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Is a C. Diff vaccine around the corner?

Date Added: January 05, 2009 10:07:59 AM
Author: Nick Jervis
Category: Business & Economy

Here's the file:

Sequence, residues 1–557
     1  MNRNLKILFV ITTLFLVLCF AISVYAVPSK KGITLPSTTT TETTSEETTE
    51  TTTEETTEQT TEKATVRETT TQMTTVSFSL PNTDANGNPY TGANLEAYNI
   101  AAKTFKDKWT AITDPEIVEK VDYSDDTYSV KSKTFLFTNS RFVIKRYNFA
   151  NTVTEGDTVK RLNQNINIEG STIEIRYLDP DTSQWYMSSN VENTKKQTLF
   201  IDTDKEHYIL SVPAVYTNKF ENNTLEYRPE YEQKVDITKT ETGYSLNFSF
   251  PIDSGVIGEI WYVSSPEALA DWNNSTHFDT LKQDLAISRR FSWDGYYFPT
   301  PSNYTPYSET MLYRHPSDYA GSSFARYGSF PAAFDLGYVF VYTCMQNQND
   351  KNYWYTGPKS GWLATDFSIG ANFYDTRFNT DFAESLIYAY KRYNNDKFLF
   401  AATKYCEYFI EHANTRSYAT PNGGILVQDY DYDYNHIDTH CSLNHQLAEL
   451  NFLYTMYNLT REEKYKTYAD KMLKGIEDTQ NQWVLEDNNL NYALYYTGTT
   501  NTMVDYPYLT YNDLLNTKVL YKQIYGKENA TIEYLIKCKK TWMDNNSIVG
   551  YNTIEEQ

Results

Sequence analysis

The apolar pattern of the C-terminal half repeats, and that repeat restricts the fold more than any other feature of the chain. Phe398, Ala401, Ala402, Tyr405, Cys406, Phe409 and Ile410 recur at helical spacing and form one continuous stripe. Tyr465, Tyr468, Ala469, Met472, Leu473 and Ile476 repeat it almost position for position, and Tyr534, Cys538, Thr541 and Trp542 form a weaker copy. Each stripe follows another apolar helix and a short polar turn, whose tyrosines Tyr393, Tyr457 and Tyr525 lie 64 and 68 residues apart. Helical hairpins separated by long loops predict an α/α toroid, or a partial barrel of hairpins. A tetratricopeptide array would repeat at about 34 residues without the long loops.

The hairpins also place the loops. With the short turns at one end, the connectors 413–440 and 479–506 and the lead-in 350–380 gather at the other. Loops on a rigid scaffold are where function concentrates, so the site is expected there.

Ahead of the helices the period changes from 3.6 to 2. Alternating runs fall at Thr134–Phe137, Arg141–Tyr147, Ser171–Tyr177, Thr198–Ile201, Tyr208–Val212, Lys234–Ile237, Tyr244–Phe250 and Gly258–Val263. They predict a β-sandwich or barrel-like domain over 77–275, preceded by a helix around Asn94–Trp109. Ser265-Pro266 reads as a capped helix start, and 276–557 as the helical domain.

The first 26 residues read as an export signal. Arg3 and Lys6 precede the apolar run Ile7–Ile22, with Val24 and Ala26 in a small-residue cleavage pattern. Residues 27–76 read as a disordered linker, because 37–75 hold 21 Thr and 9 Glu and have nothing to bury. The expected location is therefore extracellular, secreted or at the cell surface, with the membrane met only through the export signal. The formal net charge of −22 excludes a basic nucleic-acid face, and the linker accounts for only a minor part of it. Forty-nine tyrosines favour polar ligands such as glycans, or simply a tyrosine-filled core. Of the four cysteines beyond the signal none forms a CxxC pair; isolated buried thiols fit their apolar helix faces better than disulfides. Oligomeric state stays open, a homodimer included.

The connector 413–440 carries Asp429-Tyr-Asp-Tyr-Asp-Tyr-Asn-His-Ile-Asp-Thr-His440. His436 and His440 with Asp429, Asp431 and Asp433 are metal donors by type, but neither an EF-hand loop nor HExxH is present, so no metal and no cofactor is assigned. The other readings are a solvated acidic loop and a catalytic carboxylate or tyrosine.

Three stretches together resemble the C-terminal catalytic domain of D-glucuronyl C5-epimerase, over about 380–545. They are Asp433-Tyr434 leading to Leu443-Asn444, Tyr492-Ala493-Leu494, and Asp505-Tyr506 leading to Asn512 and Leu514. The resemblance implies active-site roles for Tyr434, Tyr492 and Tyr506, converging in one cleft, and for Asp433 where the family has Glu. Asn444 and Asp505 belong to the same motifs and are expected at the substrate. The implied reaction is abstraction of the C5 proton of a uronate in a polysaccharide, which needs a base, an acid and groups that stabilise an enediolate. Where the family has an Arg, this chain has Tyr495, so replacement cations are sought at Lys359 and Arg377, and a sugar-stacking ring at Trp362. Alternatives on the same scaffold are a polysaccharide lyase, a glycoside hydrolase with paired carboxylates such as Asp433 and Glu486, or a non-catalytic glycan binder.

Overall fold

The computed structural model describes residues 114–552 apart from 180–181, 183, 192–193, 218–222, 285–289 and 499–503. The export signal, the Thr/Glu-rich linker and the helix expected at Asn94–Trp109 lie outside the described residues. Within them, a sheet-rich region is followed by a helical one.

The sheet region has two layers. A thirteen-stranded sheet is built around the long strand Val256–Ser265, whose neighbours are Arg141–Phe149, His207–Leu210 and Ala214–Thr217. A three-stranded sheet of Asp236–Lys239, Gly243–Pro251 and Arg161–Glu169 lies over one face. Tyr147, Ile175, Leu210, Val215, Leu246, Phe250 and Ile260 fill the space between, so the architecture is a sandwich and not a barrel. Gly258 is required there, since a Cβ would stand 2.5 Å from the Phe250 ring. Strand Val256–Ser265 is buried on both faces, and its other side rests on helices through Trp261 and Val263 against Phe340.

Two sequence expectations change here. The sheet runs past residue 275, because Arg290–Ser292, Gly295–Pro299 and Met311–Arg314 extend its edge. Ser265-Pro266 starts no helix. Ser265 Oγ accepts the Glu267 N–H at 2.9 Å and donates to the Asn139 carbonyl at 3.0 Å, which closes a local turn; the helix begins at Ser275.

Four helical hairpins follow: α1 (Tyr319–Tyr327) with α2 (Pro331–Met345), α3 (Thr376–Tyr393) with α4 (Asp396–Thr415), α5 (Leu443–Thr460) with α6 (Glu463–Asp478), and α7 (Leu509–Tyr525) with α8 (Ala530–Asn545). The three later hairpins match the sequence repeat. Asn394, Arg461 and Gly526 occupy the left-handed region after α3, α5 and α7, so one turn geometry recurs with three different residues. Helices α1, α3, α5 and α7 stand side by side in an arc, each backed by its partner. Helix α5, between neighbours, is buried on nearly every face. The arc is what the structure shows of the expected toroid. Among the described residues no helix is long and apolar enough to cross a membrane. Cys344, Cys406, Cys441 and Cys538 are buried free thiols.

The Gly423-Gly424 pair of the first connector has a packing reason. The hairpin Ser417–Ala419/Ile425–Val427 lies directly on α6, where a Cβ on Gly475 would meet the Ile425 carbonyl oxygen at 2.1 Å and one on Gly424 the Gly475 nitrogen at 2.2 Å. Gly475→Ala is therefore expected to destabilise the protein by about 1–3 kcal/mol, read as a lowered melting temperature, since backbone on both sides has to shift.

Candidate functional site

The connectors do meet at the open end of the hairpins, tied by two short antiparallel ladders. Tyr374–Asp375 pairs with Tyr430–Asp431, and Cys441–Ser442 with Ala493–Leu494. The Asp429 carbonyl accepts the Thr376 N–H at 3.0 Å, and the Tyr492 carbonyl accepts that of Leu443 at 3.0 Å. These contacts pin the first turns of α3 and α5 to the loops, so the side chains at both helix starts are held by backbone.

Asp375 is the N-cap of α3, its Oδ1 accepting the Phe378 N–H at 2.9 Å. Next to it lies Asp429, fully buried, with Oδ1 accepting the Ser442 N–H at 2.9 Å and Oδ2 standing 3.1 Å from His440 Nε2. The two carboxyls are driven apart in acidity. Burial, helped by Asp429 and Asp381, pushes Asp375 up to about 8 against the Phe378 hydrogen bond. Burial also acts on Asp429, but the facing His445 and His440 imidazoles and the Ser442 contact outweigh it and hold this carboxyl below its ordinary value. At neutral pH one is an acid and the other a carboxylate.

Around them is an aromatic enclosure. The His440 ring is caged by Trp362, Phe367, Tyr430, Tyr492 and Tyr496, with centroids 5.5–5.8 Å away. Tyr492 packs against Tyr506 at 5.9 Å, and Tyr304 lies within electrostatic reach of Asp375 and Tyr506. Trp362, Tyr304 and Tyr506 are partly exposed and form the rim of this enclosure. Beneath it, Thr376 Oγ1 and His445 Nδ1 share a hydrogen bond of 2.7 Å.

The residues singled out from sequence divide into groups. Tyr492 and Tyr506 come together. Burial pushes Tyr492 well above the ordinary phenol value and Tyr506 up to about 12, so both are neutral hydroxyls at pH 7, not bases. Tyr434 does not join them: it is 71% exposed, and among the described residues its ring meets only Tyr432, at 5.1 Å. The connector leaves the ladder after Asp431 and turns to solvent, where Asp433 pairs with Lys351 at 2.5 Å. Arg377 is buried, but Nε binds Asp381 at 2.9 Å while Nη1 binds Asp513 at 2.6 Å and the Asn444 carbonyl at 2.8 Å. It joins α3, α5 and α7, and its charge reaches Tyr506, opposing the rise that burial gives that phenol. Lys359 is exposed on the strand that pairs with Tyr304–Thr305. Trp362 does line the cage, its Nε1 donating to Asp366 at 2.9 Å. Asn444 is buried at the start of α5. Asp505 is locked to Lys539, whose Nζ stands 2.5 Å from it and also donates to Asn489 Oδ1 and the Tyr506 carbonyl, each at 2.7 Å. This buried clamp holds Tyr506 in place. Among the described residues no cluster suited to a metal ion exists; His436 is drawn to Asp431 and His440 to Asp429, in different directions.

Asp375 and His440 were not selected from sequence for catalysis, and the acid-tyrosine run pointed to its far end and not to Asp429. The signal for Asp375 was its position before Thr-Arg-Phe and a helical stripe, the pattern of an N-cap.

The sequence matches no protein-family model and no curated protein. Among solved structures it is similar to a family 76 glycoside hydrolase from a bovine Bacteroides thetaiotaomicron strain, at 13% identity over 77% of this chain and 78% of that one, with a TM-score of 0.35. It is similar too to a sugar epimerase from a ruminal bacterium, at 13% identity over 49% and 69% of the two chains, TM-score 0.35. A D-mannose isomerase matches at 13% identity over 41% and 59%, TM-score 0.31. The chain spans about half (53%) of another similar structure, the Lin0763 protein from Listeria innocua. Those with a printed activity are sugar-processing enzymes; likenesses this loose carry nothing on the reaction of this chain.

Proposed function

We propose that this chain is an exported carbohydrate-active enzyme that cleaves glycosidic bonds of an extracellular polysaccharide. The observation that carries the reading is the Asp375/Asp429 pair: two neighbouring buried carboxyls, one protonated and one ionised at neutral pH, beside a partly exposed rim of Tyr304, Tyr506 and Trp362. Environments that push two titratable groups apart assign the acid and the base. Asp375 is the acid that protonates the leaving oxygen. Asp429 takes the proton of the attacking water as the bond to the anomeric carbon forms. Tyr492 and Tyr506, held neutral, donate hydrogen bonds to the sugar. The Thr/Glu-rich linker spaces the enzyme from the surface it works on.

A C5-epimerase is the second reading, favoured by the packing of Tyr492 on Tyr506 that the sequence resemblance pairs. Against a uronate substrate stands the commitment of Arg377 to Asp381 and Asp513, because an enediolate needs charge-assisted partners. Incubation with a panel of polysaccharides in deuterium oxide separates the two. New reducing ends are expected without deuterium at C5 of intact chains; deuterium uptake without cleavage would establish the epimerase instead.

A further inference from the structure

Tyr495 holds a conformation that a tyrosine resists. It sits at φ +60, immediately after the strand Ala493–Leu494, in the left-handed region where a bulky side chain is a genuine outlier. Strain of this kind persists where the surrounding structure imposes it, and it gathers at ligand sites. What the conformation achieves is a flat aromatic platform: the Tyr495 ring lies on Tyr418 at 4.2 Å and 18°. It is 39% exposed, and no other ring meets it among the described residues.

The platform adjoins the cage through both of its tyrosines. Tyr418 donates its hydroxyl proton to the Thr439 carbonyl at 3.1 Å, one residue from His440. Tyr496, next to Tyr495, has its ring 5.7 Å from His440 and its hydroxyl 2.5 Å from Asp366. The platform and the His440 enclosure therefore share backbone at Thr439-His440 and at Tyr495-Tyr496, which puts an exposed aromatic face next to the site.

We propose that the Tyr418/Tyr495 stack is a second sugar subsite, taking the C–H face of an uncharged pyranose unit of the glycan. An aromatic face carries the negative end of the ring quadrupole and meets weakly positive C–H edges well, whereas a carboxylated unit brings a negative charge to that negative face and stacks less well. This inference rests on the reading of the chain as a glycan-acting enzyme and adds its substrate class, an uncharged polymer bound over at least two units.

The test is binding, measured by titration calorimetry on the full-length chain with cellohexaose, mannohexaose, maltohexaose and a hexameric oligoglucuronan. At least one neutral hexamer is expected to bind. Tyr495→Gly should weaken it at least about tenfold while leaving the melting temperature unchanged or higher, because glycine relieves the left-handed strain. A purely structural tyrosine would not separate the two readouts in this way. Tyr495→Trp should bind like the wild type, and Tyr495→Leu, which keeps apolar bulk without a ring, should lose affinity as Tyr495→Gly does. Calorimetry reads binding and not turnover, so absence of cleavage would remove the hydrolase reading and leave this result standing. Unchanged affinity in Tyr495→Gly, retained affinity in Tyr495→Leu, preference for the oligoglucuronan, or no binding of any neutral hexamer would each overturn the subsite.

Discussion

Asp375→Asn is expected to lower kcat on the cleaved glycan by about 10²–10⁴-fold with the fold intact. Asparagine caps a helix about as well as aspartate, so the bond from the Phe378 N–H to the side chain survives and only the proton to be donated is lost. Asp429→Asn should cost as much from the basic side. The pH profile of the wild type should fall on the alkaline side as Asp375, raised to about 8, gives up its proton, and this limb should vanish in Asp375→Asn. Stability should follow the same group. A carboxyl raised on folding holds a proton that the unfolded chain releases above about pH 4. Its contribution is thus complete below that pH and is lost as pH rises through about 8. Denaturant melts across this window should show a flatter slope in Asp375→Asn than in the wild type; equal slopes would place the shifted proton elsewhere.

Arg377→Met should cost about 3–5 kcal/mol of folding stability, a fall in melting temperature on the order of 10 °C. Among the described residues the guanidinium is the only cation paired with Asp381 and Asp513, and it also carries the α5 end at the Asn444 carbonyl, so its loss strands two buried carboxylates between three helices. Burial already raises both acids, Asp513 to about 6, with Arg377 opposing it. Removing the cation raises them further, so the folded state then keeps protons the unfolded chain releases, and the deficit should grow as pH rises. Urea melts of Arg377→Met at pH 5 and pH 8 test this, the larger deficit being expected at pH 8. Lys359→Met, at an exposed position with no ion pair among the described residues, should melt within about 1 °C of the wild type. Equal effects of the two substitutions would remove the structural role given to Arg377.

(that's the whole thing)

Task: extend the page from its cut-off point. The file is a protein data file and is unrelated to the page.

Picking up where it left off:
Clostridium Difficle (or C. Diff, as it is commonly called) is a bacterium that causes diarrhoea, particularly in those with a weakened immune system. C. Diff infection is usually acquired in hospitals, and almost all those who develop diarrhoea caused by C. Diff are taking, or have been recently been given, antibiotic therapy. The irony is that, in the past, prolonged antibiotic therapy was used to treat C. Diff, which didn't actually stop the spread of the infection. Now, though, things may be about to change. The British biotech company Acambis, have recently conducted trials of a new vaccine that could offer a preventative answer and stop the spread of a 'superbug' that kills more people than MRSA. Trials at around 30 hospitals with high incidences of C. Diff infection will be carried out to see if the vaccine prevents the diarrhoea caused by the bug from returning. Patients known to have suffered from C. Diff will be given the jab and if the trials are successful, further, large scale trials will be carried out before the vaccine is cleared for general use. The elderly are particularly vulnerable to infection, so if the trials are successful, a campaign much like the flu vaccination programme could be introduced. A course of about three injections could provide long- erm protection against infection, with a booster shot every 10 years reinforcing the preventative measures of the initial vaccine. C. Diff is similar to MRSA. It is a bacterium that produces spores, which survive in the environment for a long time. Most commonly found around toilet areas and on floors, C. Diff can easily be combated by thorough cleaning regimes. However once it establishes a base, it can easily spread by direct contact between patients. Because it only normally attacks people whose immune systems are weakened and are taking antibiotics, hospital staff (unless they are taking antibiotics themselves) does not suffer the symptoms of the bacteria, but may act as unintentional carriers of the spores. This is why cleanliness is so important in hospitals to prevent the spread of the bug. As with MRSA, the prevention of C. Diff is reasonably straightforward. However, if a hospital has been less than thorough in their hygiene regimes and consequently an outbreak of C. Diff has caused patients to suffer, there is potentially a case for medical negligence. If it can be proven that the hospital has failed in its duty of care obligations, and there is evidence that staff have not taken every precaution to prevent the spread of the bug, a claim can be brought against the hospital for medical negligence. Medical negligence cases are notoriously difficult and complex, with a great deal of stringent legislation surrounding the issue. If you feel that you have been directly affected by C. Diff and that it could have been prevented, then talking to a solicitor with experience of medical negligence may be an option. All solicitors dealing with medical negligence cases have to be experienced in the field, as the implications (not just for the claimant, but for the hospital too) can have far reaching consequences. By bringing a case to light, the hospital can use that information to improve standards to prevent more cases from happening. Hopefully, if the trials of the C. Diff vaccine prove successful, we could see the beginning of the end of this particular superbug. 1stclaims is run by a non-practising Personal Injury Solicitor with over 14 years personal injury claims experience.For further information, please visit http://www.1stclaims.co.uk
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